A internal combustion engine works by exploding fuel inside a confined space, over the top of a piston. first the explosion pushes down the piston then the piston has to come up again. For this to able to take place there has to be a way for the fuel to get into the space over the piston and a way for the burnt gas to get out again. So a system of valvesUsually two valves for each piston (although sometime it can be more) One valve Inlet valve) opens to allow fuel into the cylinder head as the piston goes down, it then closes. as the piston moves up it compress the fuel gas, the spark plug fires and as the piston starts to head back down again the fuel explodes forcing the piston down faster. When the piston with the spent fuel reaches the bottom of the stroke it the other valve( exhaust valve) opens up to allow the spent fuel to exhaust out of the motor into the exhaust pipe. and closes again. in a motor all of this is very cleverly timed so that all of the pistons work as a team and keep the engine going.
need to be more specific on what kind of small engine to give you exact information on how to pull the piston. . . but generally you just need to pull the head and cylinder off. . . the remove the wrist pin that holds the piston to the piston rod and your piston will come out. . . now getting the new one back is is going to be a different story :) . . . you are going to have to stagger the ring gaps to make sure you are holding compression . . . basically just make sure none of the ring gaps on your piston rings line up when you put the new piston back in and oil your cylinder pretty good too helps with putting it in and with breaking in the new piston.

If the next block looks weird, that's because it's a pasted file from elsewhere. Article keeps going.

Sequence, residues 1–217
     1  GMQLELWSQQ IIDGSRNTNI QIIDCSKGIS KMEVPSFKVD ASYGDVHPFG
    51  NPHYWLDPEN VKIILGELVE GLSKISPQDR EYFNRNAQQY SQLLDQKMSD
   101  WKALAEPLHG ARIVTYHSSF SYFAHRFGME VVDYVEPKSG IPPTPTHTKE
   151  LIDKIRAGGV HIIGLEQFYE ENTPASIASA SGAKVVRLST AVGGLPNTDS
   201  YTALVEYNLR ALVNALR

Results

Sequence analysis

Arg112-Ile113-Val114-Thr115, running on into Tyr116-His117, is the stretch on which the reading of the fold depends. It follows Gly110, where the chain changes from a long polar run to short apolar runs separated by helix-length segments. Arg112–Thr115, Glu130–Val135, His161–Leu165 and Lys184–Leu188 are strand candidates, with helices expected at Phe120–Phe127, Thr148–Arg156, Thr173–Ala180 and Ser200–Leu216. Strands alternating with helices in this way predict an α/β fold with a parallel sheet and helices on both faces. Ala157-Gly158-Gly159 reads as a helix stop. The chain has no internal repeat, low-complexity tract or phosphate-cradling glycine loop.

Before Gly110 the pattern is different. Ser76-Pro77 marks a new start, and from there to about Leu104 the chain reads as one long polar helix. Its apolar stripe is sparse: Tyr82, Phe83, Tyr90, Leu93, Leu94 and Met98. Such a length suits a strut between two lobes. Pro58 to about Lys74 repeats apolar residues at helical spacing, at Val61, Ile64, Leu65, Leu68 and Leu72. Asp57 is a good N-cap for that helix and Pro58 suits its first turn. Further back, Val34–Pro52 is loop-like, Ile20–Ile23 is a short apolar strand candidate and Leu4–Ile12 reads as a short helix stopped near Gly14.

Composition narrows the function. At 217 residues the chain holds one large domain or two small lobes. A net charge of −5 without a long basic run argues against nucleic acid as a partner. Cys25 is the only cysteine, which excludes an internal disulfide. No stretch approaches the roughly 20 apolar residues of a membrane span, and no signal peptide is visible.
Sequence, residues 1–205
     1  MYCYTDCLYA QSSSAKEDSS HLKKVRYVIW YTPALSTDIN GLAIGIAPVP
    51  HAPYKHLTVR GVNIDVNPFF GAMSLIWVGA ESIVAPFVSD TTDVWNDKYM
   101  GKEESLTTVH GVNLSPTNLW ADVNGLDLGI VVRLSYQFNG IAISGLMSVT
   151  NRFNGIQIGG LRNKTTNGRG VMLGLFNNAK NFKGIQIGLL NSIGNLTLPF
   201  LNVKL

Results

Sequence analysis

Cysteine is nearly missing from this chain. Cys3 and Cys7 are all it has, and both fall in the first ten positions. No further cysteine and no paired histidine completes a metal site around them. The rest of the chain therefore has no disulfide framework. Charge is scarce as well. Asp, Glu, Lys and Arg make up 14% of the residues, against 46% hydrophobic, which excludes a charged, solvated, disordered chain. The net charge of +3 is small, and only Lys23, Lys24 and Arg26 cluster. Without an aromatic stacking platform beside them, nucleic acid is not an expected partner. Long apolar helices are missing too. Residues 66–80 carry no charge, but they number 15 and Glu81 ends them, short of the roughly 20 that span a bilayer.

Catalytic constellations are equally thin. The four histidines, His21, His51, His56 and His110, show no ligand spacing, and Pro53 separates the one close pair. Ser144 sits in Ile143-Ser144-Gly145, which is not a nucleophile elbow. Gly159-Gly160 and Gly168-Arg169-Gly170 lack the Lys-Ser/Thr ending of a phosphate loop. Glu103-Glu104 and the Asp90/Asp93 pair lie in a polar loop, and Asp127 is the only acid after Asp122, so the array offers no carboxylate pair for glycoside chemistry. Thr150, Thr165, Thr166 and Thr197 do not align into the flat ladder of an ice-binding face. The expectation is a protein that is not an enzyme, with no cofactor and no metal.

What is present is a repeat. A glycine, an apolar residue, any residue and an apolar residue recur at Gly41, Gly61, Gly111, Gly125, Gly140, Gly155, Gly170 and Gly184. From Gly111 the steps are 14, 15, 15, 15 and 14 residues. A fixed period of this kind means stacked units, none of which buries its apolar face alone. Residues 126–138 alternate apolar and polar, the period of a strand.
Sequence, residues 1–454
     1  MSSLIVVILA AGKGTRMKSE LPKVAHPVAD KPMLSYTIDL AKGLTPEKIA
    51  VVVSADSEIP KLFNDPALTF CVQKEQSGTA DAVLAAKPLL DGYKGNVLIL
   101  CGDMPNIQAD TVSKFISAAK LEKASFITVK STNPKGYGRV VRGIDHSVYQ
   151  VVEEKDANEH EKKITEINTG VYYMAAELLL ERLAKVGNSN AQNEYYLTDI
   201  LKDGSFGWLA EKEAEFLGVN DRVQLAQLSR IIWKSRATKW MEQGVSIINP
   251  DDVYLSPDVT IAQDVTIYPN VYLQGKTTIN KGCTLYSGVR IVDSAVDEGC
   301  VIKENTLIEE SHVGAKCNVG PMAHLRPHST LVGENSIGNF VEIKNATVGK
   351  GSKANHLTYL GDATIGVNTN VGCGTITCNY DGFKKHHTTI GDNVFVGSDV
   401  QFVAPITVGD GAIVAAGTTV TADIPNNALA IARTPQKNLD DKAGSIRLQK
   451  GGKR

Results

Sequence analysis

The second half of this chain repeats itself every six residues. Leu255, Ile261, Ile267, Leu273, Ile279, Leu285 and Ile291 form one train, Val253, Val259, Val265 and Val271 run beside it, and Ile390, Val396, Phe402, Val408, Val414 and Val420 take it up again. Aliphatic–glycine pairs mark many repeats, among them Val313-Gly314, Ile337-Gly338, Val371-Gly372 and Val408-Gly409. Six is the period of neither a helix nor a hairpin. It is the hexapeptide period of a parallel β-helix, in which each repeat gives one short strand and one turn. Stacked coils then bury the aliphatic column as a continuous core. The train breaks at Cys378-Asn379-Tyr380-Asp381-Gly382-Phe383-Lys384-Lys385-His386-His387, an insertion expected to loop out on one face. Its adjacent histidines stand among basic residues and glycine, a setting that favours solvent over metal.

Could be a blown head gasket or the piston rings Could be a blown head gasket or the piston rings
The gas Engine is a 4 stroke engine, Nother words the piston must make 4 stroke's to run. Here's the 4 strokes. Entake, compression, power and exhaustWhen you turn the engine over with the starter a piston starts moving, As it starts going down the intake valve starts opening witch lets air and fuel come into the cylinder. That's the intake stroke.When the piston is compleatly down the intake and exhaust valves are closed, When the piston starts back up it will compress the air and fuel, this will be the compression stroke. As soon as the piston reaches the top of the cylinder the spark plug fires witch Explodes the air and fuel mixture that's in the cylinder and drives the piston down. This will be the power stroke. When the piston is all the way down and starts up again, The exhaust valve will open and the piston will push the exhaust gases out into the exhaust pipe. This will be the exhaust stroke. Then the piston starts down, intake valve opens and it does all over again.I hope you understand now. This is all happin real fast
piston rings going bad oil leaking around to top of piston so when you start the oil will burn white
Starter is always going to be on the bottom rear of the engine connected to the flywheel.
The color of the wire going to the fuel tank sending unit from the tank level instrument on the dash is taupe (or light tan). 1970 Olds Cutlass SX